With fears growing about the debt collection practices of payday lenders in England, the Office of Fair Trading (OFT) now has the authority to suspend collection agencies that target certain vulnerable consumers.
The regulator can suspend licenses with immediate effect for a year. For the length of the suspension, a licensee will be treated under law as being unlicensed, according to OFT guidance published on Friday.
“Engaging in licensable activities while unlicensed is a criminal [act],” the guidelines say.
David Fisher, the OFT’s director of credit, says the new power "strengthens our ability to protect consumers from harm. We will not hesitate to use it in the most serious cases where there is an urgent need to protect people."
OFT officials said the regulator has “several investigations” open into aggressive debt collection practices, but could not specify how many.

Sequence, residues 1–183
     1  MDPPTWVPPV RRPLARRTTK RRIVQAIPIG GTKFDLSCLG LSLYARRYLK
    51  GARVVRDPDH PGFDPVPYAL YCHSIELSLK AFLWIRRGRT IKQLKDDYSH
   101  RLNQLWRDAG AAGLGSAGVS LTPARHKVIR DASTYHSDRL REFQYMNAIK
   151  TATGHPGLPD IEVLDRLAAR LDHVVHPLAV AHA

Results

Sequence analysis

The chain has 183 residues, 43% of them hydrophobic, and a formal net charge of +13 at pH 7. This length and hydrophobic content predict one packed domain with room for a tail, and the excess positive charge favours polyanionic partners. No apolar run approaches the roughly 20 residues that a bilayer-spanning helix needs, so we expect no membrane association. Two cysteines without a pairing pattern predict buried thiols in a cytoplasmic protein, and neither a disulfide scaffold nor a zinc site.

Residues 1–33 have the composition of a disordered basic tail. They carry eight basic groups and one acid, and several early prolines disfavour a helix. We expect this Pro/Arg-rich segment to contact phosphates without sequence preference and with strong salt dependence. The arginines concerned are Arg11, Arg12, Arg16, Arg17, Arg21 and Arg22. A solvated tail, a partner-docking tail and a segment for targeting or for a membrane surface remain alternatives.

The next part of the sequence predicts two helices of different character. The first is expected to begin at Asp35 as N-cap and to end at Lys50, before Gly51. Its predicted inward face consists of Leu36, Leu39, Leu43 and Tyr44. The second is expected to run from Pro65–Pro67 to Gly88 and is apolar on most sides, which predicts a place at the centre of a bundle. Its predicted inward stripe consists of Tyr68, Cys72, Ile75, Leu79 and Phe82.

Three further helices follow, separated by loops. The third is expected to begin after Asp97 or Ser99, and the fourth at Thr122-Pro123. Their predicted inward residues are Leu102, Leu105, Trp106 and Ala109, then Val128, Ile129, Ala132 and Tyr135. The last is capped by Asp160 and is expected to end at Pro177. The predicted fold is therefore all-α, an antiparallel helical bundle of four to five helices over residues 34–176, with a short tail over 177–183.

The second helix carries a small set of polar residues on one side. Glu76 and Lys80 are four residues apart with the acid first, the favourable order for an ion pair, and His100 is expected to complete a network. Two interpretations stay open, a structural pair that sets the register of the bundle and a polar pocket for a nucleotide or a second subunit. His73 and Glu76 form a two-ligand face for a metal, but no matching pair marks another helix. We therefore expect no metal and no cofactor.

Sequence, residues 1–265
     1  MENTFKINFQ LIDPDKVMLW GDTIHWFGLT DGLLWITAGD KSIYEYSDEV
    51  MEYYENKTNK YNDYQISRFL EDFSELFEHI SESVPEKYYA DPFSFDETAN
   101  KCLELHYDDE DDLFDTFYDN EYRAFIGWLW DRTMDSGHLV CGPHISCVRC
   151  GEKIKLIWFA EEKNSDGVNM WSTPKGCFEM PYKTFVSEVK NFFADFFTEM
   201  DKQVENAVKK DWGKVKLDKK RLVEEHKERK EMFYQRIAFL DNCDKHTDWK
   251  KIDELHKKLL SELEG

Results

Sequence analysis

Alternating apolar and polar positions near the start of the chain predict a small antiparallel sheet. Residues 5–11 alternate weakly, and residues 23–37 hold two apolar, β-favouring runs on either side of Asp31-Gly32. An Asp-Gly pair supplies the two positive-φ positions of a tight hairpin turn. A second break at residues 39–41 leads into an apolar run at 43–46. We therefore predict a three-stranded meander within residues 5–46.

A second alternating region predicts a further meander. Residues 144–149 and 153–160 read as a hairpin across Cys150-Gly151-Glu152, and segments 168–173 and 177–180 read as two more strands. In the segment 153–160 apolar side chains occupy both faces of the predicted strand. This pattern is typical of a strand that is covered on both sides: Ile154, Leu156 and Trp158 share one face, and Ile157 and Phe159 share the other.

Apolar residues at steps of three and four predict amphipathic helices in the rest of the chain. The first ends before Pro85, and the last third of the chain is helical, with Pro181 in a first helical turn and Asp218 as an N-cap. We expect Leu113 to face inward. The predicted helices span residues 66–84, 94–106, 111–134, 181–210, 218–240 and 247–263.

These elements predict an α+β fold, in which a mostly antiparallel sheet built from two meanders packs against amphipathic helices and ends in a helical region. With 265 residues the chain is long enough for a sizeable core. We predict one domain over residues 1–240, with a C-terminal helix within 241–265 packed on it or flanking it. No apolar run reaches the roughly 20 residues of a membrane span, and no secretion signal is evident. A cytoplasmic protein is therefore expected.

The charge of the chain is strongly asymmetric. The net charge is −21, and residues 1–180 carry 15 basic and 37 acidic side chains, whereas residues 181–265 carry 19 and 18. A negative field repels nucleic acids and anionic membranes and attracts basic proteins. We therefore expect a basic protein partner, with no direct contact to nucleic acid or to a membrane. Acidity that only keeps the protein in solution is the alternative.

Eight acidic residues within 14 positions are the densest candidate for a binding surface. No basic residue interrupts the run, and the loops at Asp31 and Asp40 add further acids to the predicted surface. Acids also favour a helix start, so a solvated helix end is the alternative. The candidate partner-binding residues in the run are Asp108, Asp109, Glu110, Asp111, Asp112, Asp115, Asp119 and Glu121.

The Citizens Advice charitable organization service reported last week that it had provided a dossier of evidence on four payday lenders that were "acting unfairly, thus exacerbating debt problems and causing significant distress" to consumers.
Problems uncovered by Citizens Advice include: firms levying inflated fees and charges; continuing to take money when debts have been paid off; obstructing customers from making repayments online or over the phone then charging late fees; harassment by repeated telephone calls, text messages and emails to repay debts; chasing people for debts on loans when the individual didn’t apply for a loan in the first place; and, aggressive and abusive staff.
Citizens Advice also has reported three debt collection companies to the OFT asking that their licenses be suspended.